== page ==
Secondary divestment candidates after Premier Foods’ acquisition of RHM
- December 04, 2006
||group merger recommended offer in December 2006
||RHM Group, with iconic British brand portfolio (culinary and bakery products)
||Premier Foods (UK), leading legacy brand ambient foods group
||shareholders of RHM (UK), leading domestic ambient foods group
||to create the biggest foods business in the UK
||to be part of the biggest foods business in the UK
||Premier’s shareholders to keep 59%, and RHM’s 41%, of the merged group
The British are very attached to their legacy brands, especially in ambient foods, that have been around for the best part of 100 years. Brands that are unknown outside Britain – 93% of the enlarged company’s sales will be in the UK, the rest being sold mostly to British ex-pats overseas. There are likely to be some divestments of non –core brands and categories, once the profile and priorities of the enlarged group emerges; most likely is fresh foods and, ultimately, the whole breads division of RHM.
The valuation looks quite market-level, in both EBITDA multiple and sales multiple terms; these are categories which aren’t growing much, and haven’t been since some time in the 1970s, so no ‘story’ premium.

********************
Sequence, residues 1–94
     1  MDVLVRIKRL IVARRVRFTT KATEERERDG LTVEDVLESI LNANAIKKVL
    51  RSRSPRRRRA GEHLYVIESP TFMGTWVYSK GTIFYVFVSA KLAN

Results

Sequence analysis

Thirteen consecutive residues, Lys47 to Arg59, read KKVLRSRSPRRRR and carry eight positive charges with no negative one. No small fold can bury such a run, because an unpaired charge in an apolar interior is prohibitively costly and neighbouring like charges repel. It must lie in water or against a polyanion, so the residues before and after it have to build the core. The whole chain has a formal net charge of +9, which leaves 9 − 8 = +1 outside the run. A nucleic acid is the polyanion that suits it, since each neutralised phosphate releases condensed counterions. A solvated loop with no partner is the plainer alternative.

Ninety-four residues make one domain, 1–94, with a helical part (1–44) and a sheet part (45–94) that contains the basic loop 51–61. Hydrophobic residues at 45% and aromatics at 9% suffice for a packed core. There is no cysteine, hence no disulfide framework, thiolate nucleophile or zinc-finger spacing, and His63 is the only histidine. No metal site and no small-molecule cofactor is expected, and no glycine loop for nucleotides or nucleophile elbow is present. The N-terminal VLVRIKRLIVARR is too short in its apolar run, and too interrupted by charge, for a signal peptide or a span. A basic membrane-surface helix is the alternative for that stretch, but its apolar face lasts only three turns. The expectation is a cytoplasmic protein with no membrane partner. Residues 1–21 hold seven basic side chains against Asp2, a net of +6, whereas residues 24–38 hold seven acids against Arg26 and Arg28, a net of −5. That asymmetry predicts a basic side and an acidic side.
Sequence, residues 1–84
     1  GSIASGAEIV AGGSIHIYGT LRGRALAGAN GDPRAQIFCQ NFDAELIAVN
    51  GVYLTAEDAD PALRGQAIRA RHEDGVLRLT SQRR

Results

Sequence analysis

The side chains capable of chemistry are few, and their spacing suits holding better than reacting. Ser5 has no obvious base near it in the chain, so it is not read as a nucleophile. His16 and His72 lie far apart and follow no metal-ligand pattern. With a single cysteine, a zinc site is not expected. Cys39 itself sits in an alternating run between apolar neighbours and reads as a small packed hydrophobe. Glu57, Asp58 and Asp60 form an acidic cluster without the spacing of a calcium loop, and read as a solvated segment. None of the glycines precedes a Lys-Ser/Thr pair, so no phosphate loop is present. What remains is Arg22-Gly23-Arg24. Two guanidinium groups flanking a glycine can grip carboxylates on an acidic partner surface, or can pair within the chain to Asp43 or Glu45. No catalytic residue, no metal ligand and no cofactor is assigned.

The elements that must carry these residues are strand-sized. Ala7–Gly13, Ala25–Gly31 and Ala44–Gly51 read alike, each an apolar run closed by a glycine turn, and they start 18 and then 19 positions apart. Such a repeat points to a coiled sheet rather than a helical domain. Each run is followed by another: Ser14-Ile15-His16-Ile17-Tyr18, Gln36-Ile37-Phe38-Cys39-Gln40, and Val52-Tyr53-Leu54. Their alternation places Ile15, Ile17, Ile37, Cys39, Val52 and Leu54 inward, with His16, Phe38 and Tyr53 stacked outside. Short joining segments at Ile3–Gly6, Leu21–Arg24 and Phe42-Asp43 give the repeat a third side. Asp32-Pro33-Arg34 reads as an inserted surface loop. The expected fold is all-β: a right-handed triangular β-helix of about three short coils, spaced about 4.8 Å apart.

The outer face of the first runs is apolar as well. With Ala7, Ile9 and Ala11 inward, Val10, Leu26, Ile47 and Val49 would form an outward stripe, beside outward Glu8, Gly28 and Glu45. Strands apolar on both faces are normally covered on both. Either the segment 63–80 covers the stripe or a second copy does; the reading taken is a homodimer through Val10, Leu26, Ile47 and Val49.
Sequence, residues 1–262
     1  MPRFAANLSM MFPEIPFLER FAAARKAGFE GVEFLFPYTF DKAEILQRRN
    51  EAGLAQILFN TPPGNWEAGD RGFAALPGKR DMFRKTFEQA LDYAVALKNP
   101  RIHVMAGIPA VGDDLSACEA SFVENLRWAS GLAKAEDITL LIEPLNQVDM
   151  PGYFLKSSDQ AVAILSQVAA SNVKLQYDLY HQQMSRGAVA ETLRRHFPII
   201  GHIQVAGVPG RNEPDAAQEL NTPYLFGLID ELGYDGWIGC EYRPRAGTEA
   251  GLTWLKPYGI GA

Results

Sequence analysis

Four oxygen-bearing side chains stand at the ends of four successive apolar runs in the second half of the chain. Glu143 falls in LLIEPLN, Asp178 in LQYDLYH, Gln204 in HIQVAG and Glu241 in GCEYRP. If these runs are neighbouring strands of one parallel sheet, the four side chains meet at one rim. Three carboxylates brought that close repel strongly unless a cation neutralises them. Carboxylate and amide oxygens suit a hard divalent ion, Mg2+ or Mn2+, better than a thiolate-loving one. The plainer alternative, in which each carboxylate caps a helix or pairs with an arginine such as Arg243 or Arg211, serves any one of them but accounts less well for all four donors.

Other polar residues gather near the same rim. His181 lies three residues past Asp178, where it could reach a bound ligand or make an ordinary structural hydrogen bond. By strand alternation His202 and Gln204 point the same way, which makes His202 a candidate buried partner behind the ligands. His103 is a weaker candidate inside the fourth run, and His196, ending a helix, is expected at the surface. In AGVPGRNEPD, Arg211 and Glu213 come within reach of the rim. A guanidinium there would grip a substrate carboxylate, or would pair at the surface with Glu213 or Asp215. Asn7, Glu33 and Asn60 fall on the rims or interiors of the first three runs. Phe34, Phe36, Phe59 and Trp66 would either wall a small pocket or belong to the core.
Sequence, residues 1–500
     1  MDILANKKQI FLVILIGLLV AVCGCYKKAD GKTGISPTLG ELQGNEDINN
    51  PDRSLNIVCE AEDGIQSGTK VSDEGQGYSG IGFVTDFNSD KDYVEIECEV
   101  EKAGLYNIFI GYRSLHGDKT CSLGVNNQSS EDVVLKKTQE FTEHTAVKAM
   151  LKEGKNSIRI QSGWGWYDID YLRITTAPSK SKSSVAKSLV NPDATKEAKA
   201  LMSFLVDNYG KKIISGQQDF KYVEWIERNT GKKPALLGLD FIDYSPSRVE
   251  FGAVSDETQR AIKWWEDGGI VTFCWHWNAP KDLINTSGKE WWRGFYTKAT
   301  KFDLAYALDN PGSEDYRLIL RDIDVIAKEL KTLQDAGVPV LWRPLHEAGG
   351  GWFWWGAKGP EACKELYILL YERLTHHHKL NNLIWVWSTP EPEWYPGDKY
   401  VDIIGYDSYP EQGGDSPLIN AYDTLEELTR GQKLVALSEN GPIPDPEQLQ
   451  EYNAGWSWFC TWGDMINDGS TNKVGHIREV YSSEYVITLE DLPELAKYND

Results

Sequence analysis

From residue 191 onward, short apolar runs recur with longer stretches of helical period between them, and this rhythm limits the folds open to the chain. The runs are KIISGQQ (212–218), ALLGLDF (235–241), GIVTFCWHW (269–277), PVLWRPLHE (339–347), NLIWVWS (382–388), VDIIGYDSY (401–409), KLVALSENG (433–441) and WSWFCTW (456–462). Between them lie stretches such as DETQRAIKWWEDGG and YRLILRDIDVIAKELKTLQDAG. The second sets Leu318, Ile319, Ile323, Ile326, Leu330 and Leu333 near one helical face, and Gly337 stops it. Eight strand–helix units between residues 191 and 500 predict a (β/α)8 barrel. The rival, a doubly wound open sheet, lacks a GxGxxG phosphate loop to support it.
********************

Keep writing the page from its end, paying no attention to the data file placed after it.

On the other hand, these are both public companies with massive free-floats, so it’s largely about the same investors taking money from one pocket and putting it into another, and looking forward to synergy benefits (85 mln GBP expected annually).
Premier’s portfolio is very diverse, but it mostly consists of canned foods (where the company started when it grew out of Hillsdown Holdings in the 1990s), and a wide range of culinary products (‘food accessories’ - sauces and spreads etc).
Their strategy is to focus on category –leading brands, in which investment can be justified in service, innovation and marketing to appease the big retailers. RHM will add British icons like Hovis, Bisto, Sharwood’s and Mr Kipling, to this portfolio.
But some brands and categories will not meet the category -leading criteria, or financial criteria, after the merger, and will head a list of divestment candidates.
The RHM bread bakeries business, which is as large as the whole of pre-deal Premier in turnover, will remain stand-alone, because of its different distribution model and milling operations. That sets it up nicely to be divested or de-merged later on.
More pressingly, Premier’s small fresh products business looks vulnerable (ready meals etc); it’s barely profitable, largely unbranded and not growing. Then there’s also RHM’s cakes business, where restructuring is already underway.
Maybe these will all be sold, and the enlarged group will downsize over time, to focus purely on its stable of brand-leader culinary products, where margins are highest.